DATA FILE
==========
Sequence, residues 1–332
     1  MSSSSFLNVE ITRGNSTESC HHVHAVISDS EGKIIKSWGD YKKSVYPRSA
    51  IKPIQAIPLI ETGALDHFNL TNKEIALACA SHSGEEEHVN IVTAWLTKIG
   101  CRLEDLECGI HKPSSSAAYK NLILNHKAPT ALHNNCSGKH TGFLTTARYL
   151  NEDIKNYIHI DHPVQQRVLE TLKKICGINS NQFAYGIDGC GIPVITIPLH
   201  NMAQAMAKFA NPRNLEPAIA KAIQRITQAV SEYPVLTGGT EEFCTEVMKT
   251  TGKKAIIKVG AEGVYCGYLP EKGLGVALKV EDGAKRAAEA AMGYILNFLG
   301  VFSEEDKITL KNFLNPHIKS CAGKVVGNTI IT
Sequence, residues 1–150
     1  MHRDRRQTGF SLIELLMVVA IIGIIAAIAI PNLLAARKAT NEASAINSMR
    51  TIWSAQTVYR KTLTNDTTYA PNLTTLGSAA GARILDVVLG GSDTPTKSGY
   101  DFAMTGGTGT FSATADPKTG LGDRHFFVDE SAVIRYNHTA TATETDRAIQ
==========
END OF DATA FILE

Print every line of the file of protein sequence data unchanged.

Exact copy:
Sequence, residues 1–332
     1  MSSSSFLNVE ITRGNSTESC HHVHAVISDS EGKIIKSWGD YKKSVYPRSA
    51  IKPIQAIPLI ETGALDHFNL TNKEIALACA SHSGEEEHVN IVTAWLTKIG
   101  CRLEDLECGI HKPSSSAAYK NLILNHKAPT ALHNNCSGKH TGFLTTARYL
   151  NEDIKNYIHI DHPVQQRVLE TLKKICGINS NQFAYGIDGC GIPVITIPLH
   201  NMAQAMAKFA NPRNLEPAIA KAIQRITQAV SEYPVLTGGT EEFCTEVMKT
   251  TGKKAIIKVG AEGVYCGYLP EKGLGVALKV EDGAKRAAEA AMGYILNFLG
   301  VFSEEDKITL KNFLNPHIKS CAGKVVGNTI IT
Sequence, residues 1–150
     1  MHRDRRQTGF SLIELLMVVA IIGIIAAIAI PNLLAARKAT NEASAINSMR
    51  TIWSAQTVYR KTLTNDTTYA PNLTTLGSAA GARILDVVLG GSDTPTKSGY
   101  DFAMTGGTGT FSATADPKTG LGDRHFFVDE SAVIRYNHTA TATETDRAIQ